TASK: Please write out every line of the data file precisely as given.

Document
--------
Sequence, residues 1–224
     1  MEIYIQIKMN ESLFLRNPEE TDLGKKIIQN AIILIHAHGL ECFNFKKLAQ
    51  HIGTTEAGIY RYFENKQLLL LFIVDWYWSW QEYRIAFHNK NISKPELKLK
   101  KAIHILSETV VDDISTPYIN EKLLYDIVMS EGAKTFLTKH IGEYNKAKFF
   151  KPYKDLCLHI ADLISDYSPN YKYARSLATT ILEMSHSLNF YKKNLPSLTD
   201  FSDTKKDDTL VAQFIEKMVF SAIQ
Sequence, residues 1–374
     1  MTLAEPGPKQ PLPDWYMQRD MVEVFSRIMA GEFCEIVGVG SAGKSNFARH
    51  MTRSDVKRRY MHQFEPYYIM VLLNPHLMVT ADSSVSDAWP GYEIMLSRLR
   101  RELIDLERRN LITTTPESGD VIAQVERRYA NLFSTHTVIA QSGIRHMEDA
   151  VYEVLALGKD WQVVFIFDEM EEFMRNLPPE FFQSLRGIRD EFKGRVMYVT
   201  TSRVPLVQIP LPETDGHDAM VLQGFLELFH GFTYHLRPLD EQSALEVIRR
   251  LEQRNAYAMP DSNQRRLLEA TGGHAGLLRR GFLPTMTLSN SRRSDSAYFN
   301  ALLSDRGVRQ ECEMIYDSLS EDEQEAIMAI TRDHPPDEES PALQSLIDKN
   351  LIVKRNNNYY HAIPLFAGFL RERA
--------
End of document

Sequence, residues 1–224
     1  MEIYIQIKMN ESLFLRNPEE TDLGKKIIQN AIILIHAHGL ECFNFKKLAQ
    51  HIGTTEAGIY RYFENKQLLL LFIVDWYWSW QEYRIAFHNK NISKPELKLK
   101  KAIHILSETV VDDISTPYIN EKLLYDIVMS EGAKTFLTKH IGEYNKAKFF
   151  KPYKDLCLHI ADLISDYSPN YKYARSLATT ILEMSHSLNF YKKNLPSLTD
   201  FSDTKKDDTL VAQFIEKMVF SAIQ
Sequence, residues 1–374
     1  MTLAEPGPKQ PLPDWYMQRD MVEVFSRIMA GEFCEIVGVG SAGKSNFARH
    51  MTRSDVKRRY MHQFEPYYIM VLLNPHLMVT ADSSVSDAWP GYEIMLSRLR
   101  RELIDLERRN LITTTPESGD VIAQVERRYA NLFSTHTVIA QSGIRHMEDA
   151  VYEVLALGKD WQVVFIFDEM EEFMRNLPPE FFQSLRGIRD EFKGRVMYVT
   201  TSRVPLVQIP LPETDGHDAM VLQGFLELFH GFTYHLRPLD EQSALEVIRR
   251  LEQRNAYAMP DSNQRRLLEA TGGHAGLLRR GFLPTMTLSN SRRSDSAYFN
   301  ALLSDRGVRQ ECEMIYDSLS EDEQEAIMAI TRDHPPDEES PALQSLIDKN
   351  LIVKRNNNYY HAIPLFAGFL RERA